This study is an example of how a nonmarket valuation method – a choice experiment – can be used to influence and guide ecosystem conservation efforts. Using a choice experiment survey, this study estimates the willingness to pay (WTP) for certain hypothetical attributes of a restored and conserved coral reef in Okinawa, Japan. I find that an increase in the amount of fish available to catch in ten years as well as an increase in the extent and health of the coral reefs and the number of marine biodiversity found in the Okinawan waters after ten-years, both positively affect respondent’s utility. This implies that these conservation success measures should be taken into account in conservation planning in research in the future. Deeper analysis reveals that residents are, on average, willing to pay about ¥30 more per month for a 10% increase in in the amount of fish available for catch if the local community establishes the marine protected areas and the same residents are, on average, willing to pay around ¥50 more per month for a 10% increase in the extent and health of marine biodiversity in the Okinawan waters if the local community establishes the marine protected areas. Moreover, tourists are willing to pay more for each conservation success attribute than are residents. While income is a factor, the fact that tourists come to Okinawa in order to interact with marine life also must be a factor in the tourists’ higher willingness to contribute to these conservation success attributes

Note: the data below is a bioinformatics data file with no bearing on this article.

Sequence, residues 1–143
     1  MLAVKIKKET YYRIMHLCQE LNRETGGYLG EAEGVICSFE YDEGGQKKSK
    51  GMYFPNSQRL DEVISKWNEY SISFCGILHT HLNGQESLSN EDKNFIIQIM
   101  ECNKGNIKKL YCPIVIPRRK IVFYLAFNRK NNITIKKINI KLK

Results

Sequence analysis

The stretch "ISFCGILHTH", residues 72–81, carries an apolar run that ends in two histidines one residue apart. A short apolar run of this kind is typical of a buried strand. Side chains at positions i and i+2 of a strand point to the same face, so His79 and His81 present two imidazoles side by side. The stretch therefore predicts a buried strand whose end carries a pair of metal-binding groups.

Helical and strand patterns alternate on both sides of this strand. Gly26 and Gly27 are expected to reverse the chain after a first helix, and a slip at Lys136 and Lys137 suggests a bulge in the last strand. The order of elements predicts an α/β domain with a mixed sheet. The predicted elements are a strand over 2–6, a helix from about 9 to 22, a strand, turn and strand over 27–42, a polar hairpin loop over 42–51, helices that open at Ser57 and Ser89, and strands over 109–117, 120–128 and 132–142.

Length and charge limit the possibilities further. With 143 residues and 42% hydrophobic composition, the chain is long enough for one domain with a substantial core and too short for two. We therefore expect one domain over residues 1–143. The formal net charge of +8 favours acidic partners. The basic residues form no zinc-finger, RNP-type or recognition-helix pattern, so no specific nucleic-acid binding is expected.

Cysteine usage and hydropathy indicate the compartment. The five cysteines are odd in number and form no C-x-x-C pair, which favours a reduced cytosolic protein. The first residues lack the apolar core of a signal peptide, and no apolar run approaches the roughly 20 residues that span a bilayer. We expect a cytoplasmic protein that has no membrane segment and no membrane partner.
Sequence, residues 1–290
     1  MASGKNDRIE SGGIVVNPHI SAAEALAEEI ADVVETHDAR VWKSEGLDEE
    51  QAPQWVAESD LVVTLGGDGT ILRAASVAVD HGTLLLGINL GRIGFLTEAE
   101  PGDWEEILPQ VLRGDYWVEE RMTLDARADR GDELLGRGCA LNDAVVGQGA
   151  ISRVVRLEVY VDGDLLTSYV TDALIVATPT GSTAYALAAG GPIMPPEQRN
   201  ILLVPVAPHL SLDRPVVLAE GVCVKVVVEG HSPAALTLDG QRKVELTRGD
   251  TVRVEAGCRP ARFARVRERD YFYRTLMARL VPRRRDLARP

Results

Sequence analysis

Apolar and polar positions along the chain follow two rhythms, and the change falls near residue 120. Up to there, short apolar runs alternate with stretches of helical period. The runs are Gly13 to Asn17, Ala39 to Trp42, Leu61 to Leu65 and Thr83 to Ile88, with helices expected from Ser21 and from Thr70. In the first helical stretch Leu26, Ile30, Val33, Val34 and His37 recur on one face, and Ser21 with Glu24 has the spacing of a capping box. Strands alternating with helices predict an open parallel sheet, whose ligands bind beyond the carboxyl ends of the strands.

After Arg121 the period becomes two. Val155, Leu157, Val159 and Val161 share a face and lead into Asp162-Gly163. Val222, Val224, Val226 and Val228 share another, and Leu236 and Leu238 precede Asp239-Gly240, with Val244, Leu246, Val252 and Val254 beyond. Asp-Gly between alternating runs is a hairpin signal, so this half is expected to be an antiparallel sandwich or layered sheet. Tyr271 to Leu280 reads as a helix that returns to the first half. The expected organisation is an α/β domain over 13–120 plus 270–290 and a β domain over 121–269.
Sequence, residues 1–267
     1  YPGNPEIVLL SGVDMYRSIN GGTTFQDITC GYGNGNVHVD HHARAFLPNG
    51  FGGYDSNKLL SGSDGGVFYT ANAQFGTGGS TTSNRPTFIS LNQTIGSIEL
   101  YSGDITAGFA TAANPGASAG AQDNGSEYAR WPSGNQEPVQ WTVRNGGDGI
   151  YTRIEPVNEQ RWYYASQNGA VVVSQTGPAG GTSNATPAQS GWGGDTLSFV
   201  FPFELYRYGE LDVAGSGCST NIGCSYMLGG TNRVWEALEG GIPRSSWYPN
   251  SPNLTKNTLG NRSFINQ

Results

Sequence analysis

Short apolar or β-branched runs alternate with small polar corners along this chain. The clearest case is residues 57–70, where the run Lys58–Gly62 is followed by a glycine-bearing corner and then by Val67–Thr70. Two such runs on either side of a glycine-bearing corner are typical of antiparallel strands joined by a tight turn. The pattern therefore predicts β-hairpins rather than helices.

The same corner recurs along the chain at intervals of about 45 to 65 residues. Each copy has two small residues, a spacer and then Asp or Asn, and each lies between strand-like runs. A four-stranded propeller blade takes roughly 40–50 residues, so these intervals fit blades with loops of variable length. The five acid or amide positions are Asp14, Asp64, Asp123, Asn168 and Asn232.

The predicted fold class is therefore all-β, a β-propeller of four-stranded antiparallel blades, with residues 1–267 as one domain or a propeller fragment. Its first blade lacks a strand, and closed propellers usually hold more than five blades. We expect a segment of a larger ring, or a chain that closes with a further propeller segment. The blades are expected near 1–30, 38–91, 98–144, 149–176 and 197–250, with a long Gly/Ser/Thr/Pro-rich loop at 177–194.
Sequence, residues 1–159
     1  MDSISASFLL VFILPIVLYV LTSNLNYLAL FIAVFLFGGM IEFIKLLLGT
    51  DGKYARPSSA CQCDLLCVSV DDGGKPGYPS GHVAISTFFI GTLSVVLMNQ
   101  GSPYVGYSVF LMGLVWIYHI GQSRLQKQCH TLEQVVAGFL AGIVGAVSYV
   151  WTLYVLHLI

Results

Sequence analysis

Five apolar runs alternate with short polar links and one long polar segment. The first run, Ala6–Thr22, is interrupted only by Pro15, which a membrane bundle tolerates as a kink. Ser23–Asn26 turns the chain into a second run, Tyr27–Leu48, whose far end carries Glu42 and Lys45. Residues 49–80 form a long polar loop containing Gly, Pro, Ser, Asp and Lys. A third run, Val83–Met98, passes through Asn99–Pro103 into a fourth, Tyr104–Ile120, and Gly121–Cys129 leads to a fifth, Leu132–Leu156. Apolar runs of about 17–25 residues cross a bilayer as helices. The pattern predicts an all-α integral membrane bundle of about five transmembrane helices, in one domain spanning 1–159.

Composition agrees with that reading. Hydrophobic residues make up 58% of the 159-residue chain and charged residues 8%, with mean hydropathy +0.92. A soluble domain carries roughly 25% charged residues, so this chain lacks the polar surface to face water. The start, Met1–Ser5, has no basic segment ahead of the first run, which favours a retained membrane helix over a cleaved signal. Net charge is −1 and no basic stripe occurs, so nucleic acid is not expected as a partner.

"Preferences for Coral Reef and Fishery Management in Okinawa, Japan,"
Journal of Environmental and Resource Economics at Colby:
1, Article 8.
Available at: http://digitalcommons.colby.edu/jerec/vol2/iss1/8
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